Over the course of the repair job, LaSorda rose to executive vice-president of manufacturing (January, 2002) and chief operating officer (February, 2004). In the middle of 2005, it was announced that Zetsche would be heading back to Germany to succeed Jürgen Schrempp as chairman of DaimlerChrysler AG. To fill his own shoes, he picked Tom LaSorda.

Perhaps because he doesn't have Zetsche's flair for showmanship--or his flamboyant handlebar mustache--LaSorda hasn't enjoyed the same profile as his predecessor. But Chrysler's recent troubles are changing that.

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As CEO, LaSorda heads a company that, as of its third-quarter setback, was in the same boat as it was in prior to Zetsche's arrival--facing a massive operating loss caused by a misreading of the U.S. market. Chrysler failed to address the dramatic slide in sales of pickup trucks and SUVs. The result: Dealers were stuck with bloated inventories and temporary plant shutdowns in the fourth quarter.

LaSorda is under the gun. Teams of executives from Chrysler and its sister company, Mercedes Car Group, are turning over every rock in the operation, looking to slash costs by an average of $1,000 per vehicle by the end of next year. Company headquarters in Stuttgart wants a restructuring plan on a tight timeline: by the first quarter of 2007. There are even rumblings among institutional investors and analysts that Daimler should sell off its American arm rather than go through another cycle of headaches.

LaSorda insists that new vehicles, such as the mid-sized Chrysler Sebring and the Jeep Compass and Patriot SUVs --elements of the biggest new-vehicle blitz yet at Chrysler--will help turn the situation around next year.

But to keep Zetsche happy, "[LaSorda's]got to make money and he's not doing it," says Gerald Meyers, a former chairman of American Motors Corp. who is now a business professor at the University of Michigan. Meyers figures LaSorda has six months--a year at most--to make things right. "If at this point next year he's turned it around and they're back on the profit track, he's okay for the time being. But if it's not, I'm sure there will be another face there."

The gathering storm doesn't appear to bother LaSorda. During a recent meeting with key suppliers at the company's proving grounds in Chelsea, Michigan, LaSorda, tieless, BlackBerry in hand, mingled easily with senior executives of the parts makers, even hugging some of them amid the roar of Viper sports cars thundering by on the test track.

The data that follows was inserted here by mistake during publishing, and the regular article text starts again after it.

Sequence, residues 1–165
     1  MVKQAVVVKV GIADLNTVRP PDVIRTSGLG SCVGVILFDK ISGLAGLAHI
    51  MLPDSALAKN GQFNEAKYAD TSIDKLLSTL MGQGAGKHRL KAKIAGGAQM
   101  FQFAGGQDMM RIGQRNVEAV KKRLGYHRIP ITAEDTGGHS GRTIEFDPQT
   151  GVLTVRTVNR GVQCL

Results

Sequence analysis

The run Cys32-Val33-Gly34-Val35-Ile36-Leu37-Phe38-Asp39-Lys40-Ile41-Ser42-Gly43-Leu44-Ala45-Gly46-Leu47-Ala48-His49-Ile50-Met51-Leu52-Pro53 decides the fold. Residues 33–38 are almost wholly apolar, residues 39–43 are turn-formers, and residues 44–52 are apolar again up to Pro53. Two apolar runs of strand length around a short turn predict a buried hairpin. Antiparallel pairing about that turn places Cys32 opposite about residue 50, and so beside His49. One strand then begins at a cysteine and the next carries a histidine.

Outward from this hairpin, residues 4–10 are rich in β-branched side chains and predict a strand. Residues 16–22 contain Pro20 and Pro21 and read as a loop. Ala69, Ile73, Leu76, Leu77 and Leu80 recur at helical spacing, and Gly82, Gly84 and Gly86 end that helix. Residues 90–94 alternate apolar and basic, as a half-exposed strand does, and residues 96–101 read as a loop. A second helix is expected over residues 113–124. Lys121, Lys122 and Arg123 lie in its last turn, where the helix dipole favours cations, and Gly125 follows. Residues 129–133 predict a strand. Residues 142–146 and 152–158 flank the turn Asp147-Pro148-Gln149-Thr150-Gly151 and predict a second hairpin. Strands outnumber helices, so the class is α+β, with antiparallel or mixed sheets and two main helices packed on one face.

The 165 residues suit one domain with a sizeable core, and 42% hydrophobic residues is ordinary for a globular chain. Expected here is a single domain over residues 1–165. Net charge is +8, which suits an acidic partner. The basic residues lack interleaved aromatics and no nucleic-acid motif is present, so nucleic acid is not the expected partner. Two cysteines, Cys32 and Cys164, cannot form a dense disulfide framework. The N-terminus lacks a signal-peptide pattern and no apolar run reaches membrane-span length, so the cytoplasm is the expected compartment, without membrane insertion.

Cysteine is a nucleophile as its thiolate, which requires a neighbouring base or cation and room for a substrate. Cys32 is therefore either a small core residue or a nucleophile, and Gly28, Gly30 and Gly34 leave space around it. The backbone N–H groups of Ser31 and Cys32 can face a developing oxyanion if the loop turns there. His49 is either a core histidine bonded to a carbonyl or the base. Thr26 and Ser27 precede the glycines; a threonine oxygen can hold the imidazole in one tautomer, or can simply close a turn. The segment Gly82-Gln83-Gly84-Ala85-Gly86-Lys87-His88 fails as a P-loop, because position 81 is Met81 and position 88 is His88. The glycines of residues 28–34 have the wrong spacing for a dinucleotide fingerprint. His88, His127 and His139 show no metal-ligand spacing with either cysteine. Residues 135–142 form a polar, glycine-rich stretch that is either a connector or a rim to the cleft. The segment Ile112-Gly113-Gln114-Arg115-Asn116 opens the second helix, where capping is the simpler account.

It probably helps that LaSorda is so well grounded. Asked about the gloom in the auto industry, he makes a point of criticizing bankruptcy restructurings that see employees lose their jobs and senior executives get rich, singling out the case of Kmart Corp.

"Even though I'm pro-business, that kind of stuff bugs me," LaSorda says.

A typical Detroit crisis usually starts with Chrysler on the brink of disaster. That happened in the early 1980s, when the company was bailed out by governments and union concessions. It happened again a decade later, when Chrysler was hauled back from the edge by a line of cars code-named LH--and nicknamed "last hope."

But this time around, GM and Ford have racked up combined losses of more than $10 billion and announced plans to shed tens of thousands of jobs. Chrysler appeared to be in the unaccustomed role of happy exception. Then came the third-quarter surprise. Now all three companies are reducing production in North America--and Ford and GM are making permanent cuts in capacity by closing assembly plants.

"This is an inflection point for the industry," declares veteran industry observer John Casesa, managing partner of Casesa Shapiro Group in New York. "What we're seeing here is an industry that has run the current business model to its conclusion."

Detroit is suffering from more than the high gas prices that whacked sales last spring and summer. The Big Three have been surrendering market share to their Asian and European rivals for more than a decade. Assembly plant closings, until recently, have not kept pace. To move the metal and keep the factories running, Detroit offered massive discounts. Accordingly, and thanks to strong growth in the U.S. economy, sales were robust--the industry as a whole moved an average of 16.9 million vehicles annually for the past six years.

But the superficial prosperity only postponed the day of reckoning. Discounts did nothing to address huge pension liabilities and soaring health care costs. The Big Three spent approximately $11 billion on health care last year. That's about one-third of what the province of Ontario will spend this fiscal year running its entire health-care system.

LaSorda has a special problem here because the United Auto Workers has agreed to a reduction in the health care benefits workers receive from Ford and GM, but has not given Chrysler the same deal. LaSorda insists that Chrysler must have it. Zetsche tore a strip off the union during a presentation to analysts in September, asking if Chrysler needs to lose $10 billion too before the UAW will agree to a deal.